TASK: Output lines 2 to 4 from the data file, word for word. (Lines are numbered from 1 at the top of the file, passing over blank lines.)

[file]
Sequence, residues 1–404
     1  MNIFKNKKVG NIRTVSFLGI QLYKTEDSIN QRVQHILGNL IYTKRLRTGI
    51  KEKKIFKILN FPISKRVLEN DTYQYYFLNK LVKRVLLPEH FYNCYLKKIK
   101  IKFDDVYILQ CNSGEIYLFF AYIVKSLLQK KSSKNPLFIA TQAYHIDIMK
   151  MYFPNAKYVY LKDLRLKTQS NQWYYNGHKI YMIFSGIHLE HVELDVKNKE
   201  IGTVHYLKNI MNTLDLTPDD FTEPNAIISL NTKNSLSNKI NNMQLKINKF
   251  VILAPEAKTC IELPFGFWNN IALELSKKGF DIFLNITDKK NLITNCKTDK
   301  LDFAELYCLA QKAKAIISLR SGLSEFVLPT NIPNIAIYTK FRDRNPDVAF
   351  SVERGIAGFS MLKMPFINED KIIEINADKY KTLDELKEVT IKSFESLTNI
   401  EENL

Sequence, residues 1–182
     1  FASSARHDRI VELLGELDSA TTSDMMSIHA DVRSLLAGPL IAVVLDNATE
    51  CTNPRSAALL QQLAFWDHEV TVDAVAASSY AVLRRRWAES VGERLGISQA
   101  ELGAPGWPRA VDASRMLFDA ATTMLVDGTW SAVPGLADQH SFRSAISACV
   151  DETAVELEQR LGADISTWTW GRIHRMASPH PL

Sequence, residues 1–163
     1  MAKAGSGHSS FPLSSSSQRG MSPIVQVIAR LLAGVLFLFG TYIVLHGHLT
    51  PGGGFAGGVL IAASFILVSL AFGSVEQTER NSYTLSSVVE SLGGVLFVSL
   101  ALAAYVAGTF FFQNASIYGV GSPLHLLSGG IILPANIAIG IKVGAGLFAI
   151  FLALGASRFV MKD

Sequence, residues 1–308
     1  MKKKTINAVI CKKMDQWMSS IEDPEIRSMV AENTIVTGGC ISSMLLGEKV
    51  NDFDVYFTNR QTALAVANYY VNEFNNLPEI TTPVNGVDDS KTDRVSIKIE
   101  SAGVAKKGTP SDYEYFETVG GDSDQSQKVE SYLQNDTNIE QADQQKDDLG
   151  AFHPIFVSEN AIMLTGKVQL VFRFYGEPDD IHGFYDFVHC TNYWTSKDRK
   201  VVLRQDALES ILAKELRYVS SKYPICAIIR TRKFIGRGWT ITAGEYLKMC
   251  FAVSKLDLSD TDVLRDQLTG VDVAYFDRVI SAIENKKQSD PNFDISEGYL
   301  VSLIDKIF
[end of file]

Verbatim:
     1  MNIFKNKKVG NIRTVSFLGI QLYKTEDSIN QRVQHILGNL IYTKRLRTGI
    51  KEKKIFKILN FPISKRVLEN DTYQYYFLNK LVKRVLLPEH FYNCYLKKIK
   101  IKFDDVYILQ CNSGEIYLFF AYIVKSLLQK KSSKNPLFIA TQAYHIDIMK